Hospitals told to phase out mercury use
Hospitals have been advised to apply proper procedures in handling mercury waste and gradually replace health equipment containing mercury.
The call was made in a workshop on mercury-free health care Monday amid concerns over a lack of awareness on the urgency to take action in phasing out the use of the dangerous substance, and to apply sustainable medical waste management, where hospitals should be the leading sector.
A survey conducted late last year by Bali Fokus Foundation in 14 hospitals in Denpasar showed that most health officers still did not know they were at grave risk of being frequently exposed to mercury in their workplace by using equipment containing mercury.
“Some hospitals do not even have guidelines on handling mercury waste resulting from, for instance, a broken thermometer or sphygmomanometer,” said Bali Fokus researcher Yuyun Ismawati.
“It is urgent to phase out the use of mercury. Safer alternative equipment, which are more environmentally friendly, are available in the market. It is up to the hospitals’ will,” she told workshop participants, mostly hospital workers.
Peter Orris, public health professor from the University of Illinois, told participants about the health effects of mercury, which depends on the form of the mercury, type of exposure (acute or chronic), route of exposure and the dose.
“Acute exposure to high levels of elemental [liquid metal] of mercury can cause tremors, slowed motor nerve functions and memory loss, while acute inhalation of high amounts of it can cause chest pain, acute renal failure and shortness of breath.
“Physicians should explore eliminating mercury-containing products in their offices and clinical practices, and encourage local hospitals and medical facilities to phase out mercury-containing products and switch to non-mercury equivalents,” he said as stated by the World Medical Association.
“The vast majority of mercury can be removed from health care equipment. All can be substituted, but technological improvement is needed.”
Following a survey in Denpasar, seven of the 14 hospitals said they were willing to join a pilot project to eliminate mercury use and sustainable medical waste management facilitated by Bali Fokus. They signed last month an MoU with the city’s environmental agency.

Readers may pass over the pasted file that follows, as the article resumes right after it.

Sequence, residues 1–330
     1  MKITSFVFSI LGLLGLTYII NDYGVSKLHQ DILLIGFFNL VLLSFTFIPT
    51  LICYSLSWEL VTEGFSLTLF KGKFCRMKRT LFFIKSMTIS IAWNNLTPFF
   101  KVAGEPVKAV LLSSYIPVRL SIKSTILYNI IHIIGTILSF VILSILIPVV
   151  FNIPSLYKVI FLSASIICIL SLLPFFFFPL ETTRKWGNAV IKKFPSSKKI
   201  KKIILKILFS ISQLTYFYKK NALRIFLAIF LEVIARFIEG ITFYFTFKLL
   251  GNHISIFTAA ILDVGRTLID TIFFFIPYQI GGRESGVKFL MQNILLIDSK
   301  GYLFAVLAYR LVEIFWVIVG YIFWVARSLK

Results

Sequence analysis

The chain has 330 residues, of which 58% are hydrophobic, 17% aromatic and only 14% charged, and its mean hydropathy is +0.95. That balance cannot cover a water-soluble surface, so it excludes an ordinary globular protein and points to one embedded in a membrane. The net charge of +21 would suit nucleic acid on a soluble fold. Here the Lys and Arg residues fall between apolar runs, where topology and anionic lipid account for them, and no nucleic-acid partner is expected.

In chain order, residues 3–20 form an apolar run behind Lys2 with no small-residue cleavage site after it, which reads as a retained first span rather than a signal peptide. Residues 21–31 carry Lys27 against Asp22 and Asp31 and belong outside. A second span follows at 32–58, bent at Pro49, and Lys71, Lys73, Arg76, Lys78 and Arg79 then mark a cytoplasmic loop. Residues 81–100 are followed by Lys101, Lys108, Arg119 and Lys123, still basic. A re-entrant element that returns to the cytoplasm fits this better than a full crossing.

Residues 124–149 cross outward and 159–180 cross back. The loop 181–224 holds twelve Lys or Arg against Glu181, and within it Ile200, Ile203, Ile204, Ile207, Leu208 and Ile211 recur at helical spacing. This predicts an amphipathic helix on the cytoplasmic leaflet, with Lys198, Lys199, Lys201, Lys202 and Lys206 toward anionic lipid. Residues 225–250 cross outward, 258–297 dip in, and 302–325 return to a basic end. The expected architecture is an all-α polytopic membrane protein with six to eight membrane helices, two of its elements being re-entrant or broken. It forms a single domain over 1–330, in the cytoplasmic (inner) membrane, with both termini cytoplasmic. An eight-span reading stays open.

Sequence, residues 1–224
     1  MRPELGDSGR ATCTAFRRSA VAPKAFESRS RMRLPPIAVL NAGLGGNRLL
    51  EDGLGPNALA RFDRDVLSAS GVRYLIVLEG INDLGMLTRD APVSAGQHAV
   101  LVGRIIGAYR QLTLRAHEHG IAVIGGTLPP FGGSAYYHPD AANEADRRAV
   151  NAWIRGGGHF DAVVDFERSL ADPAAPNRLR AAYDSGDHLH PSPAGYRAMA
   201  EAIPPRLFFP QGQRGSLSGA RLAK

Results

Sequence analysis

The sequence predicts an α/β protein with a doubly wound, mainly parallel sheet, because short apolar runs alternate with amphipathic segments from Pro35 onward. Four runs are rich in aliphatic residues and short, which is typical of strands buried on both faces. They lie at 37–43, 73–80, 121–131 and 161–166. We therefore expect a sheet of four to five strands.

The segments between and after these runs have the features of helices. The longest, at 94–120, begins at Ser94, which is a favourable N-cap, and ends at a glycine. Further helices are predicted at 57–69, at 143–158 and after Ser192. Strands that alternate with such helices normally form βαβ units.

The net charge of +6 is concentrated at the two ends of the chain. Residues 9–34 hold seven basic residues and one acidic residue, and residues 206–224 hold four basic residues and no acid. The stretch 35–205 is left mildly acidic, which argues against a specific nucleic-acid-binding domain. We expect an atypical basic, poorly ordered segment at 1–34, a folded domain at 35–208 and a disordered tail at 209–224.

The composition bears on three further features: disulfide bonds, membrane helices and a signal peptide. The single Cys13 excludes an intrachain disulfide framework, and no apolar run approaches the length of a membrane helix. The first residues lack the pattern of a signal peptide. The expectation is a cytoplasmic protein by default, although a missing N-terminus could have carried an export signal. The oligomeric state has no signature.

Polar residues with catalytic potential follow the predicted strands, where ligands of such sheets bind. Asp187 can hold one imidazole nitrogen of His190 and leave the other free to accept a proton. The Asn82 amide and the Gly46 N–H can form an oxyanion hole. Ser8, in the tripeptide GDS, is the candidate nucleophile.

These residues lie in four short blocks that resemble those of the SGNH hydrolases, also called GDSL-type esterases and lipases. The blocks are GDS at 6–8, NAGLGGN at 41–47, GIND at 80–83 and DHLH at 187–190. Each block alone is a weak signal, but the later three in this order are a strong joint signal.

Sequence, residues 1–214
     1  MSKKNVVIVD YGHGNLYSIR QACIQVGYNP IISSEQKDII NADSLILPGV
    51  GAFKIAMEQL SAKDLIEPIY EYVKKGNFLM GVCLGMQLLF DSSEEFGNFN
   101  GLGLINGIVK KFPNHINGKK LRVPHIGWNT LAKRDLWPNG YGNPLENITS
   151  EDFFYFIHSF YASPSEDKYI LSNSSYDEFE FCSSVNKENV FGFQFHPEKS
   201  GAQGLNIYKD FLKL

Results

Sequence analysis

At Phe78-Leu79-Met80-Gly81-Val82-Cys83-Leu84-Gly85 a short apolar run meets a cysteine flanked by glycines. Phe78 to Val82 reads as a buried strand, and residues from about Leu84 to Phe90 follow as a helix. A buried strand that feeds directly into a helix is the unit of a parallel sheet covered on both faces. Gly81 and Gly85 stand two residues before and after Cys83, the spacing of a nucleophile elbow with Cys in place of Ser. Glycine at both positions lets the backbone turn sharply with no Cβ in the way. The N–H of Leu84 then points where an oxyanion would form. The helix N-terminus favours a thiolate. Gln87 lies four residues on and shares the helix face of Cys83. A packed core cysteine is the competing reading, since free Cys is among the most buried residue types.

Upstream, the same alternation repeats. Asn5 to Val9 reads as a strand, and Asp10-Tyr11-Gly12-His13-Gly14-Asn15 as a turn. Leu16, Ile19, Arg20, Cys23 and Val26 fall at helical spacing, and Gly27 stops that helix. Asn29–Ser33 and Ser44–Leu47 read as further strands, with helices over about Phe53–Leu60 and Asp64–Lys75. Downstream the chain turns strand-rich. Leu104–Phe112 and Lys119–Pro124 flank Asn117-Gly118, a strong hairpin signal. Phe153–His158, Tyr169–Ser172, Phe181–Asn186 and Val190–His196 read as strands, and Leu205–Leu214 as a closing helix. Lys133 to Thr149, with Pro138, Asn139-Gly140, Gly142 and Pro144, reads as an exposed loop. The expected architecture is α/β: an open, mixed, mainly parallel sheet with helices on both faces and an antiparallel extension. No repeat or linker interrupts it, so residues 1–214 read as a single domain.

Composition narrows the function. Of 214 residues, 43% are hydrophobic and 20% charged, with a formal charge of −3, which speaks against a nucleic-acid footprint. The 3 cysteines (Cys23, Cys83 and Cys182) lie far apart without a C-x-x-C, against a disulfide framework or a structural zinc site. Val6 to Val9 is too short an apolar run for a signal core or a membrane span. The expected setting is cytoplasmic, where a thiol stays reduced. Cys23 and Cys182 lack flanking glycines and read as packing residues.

The seven hospitals are Sanglah, Puri Raharja, Puri Bunda, Udayana army hospital, Trijata police hospital, Bali Royal Hospital and Wangaya hospital.
In the program, the hospital workers will join capacity-building training on handling mercury waste. They should also arrange plans on the gradual replacement of mercury-containing equipment and provide temporary storage for the waste.
“Based on our observation, some hospitals in Denpasar have yet to apply specific procedures on handling mercury. Waste is disposed in the usual way, mixed with other medical waste or by burning in an incinerator,” said Bali Fokus director Bayu Susila.
“Hospitals should arrange an action plan on phasing out mercury-containing equipment, and we will regularly hold meetings to discuss their progress, and find solutions to problems in this program,” he said.
Head of the city’s environment agency Bagus Sudharsana said his office and the sanitary agency would build temporary storage for mercury waste in Suwung landfill before the waste is transferred to the center of medical-waste handling in Cileungsi, West Java.
“If this program works, Denpasar will be an example for a similar program in three other cities: Medan, Makassar and Yogyakarta,” he added.
Surata, an officer with the Sanglah Hospital’s sanitation division, said the hospital had actually begun to phase out the use of mercury-containing equipment, including by using digital thermometers, but would conduct further evaluation on the equipment procurement.
“The hospital management has supported us in joining this mercury phasing out program, but we can only conduct it step by step,” he said, adding that the hospital already applied specific procedures on handling mercury waste.